Consider getting involved in online discussions yourself ‒ ANPD hosts a discussion group that is now open to nonmembers during this crisis. To participate, simply create an account, navigate to the discussion forum, accept the terms and select the COVID-19 Response/Preparation thread.

One nurse from Washington state has shared a number of suggestions with this ANPD community based on her experience preparing nurses to treat patients with COVID-19. She observes that four principles stand out, which every progressive and critical care nurse can use to support surge staff assigned to their unit.

  • Focus on the strengths and skills surge nurses already have.
  • Have posters and tools available for “on-the-fly” skills reminders.
  • Be a positive role model and change agent by communicating effectively and collaboratively with surge staff in their new work environment.
  • Support nurses through the changes happening around them, so they can better manage their anxieties in unfamiliar territory.

Key AACN Resources

This week's highlighted AACN resources support nurses in professional development and management to effectively prepare nurses for surge staffing. AACN’s COVID-19 resources are free to all nurses during this crisis. Please share them with all of your colleagues and peers.

  • COVID-19 Pulmonary, ARDS and Ventilator Education
    This free online learning resource focuses on nurses who are new to the ICU or are unfamiliar with managing ICU patients. The program explores the most essential elements of these topics for preparing surge staff during this crisis. Based on input from our community, the mini-course was developed specially for this crisis using updated content from AACN’s standard-setting and award-winning orientation program, “Essentials of Critical Care Orientation.”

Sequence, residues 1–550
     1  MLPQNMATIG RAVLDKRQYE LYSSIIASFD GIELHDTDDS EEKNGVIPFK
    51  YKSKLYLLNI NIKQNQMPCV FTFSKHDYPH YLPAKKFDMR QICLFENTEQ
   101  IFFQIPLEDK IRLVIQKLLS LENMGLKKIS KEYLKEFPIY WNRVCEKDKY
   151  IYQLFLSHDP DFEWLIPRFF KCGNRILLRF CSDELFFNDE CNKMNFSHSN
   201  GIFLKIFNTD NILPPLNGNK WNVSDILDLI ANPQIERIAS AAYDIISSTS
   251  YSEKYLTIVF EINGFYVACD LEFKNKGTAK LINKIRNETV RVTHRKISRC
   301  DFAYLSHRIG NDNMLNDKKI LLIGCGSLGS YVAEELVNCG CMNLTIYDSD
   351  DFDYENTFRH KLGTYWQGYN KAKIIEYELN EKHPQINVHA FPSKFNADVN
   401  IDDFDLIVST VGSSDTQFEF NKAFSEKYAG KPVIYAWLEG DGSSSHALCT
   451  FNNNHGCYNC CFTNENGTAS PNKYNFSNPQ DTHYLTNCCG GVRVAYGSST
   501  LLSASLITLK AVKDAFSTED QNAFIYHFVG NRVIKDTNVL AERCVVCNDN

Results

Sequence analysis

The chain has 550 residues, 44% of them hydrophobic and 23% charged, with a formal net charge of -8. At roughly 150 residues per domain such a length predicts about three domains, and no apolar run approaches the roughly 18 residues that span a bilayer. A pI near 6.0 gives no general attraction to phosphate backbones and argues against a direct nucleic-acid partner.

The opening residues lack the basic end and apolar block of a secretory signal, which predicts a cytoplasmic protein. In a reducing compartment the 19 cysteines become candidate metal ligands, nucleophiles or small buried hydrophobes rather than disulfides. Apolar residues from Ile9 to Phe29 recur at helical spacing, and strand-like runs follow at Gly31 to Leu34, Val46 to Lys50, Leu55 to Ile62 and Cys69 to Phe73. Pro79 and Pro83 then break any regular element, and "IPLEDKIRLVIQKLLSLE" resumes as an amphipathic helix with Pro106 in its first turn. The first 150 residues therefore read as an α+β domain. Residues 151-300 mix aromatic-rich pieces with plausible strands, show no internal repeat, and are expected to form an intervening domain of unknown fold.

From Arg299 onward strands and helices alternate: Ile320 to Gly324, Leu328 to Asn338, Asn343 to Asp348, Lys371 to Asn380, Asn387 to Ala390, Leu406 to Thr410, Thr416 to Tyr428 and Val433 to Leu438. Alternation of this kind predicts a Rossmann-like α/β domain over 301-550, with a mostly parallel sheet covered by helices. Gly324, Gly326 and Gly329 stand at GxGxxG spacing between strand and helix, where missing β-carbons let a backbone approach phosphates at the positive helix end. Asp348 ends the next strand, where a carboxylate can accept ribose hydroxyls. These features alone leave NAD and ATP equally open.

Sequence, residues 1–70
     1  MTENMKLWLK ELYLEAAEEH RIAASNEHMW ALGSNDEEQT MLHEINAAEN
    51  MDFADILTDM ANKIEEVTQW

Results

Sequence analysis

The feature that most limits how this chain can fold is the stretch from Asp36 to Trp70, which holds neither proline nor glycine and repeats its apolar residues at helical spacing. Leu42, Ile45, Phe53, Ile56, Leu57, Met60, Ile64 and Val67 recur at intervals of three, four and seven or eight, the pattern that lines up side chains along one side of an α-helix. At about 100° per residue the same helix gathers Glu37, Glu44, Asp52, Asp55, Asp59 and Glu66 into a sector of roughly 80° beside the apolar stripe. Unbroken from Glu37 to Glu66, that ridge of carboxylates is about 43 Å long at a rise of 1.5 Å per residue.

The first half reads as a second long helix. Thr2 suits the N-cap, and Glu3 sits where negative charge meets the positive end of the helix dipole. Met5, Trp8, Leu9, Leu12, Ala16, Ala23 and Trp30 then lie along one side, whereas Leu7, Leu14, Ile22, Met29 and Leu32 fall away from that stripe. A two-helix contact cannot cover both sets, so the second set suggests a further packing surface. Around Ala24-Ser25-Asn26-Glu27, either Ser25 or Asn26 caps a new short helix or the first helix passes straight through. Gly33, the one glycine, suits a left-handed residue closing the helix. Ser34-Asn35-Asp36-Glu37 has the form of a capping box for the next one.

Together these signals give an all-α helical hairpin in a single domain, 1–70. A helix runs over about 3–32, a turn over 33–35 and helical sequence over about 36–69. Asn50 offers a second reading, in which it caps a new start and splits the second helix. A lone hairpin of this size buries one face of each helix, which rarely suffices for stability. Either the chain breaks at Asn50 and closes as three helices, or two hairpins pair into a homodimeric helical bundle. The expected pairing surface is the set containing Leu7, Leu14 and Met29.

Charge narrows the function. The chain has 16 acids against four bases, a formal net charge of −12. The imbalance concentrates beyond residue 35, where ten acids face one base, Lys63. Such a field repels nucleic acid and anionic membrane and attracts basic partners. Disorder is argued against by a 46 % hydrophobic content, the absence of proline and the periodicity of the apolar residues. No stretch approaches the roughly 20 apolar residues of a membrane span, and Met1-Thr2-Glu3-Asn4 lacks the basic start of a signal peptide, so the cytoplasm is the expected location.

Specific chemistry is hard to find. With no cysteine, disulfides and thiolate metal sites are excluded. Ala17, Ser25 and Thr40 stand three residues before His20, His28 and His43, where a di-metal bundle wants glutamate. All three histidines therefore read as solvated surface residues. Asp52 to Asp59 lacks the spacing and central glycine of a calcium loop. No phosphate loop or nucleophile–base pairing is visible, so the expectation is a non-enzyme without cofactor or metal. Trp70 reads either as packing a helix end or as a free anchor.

• Support Ideas From the Frontline ‒ COVID-19
    This blog post from a Seattle nurse reveals how tough it is to deliver care during a surge of patients, and how staff can support each other.
  • AACN eLearning Community of Practice
    This discussion group provides a forum for nurses, preceptors and educators to share best practices, inspiration, tips and ideas, as well as a place to support each other. You’ll find several active discussions on best practices for caring for patients with COVID-19.
  • Nurses in Healthcare Management and Business Leaders (NIHMBL)
    This online group offers participants a platform for interacting and discussing leadership and management issues affecting acute and critical care.

That’s a wrap! Be sure to check out last week's blog post featuring webinar resources on proning and ventilator modes, as well as prevention of healthcare-acquired infection ‒ all of which are essential for nurses delivering care to patients with COVID-19. The thoughts and ideas you are sharing with us in our blog comments section show innovation and creativity ‒ keep them coming. Nurses always manage to meet our patients’ needs. We are #UnstoppableNurses.

What are your creative, flexible and innovative ideas for preparing staff to take on new skills quickly and effectively?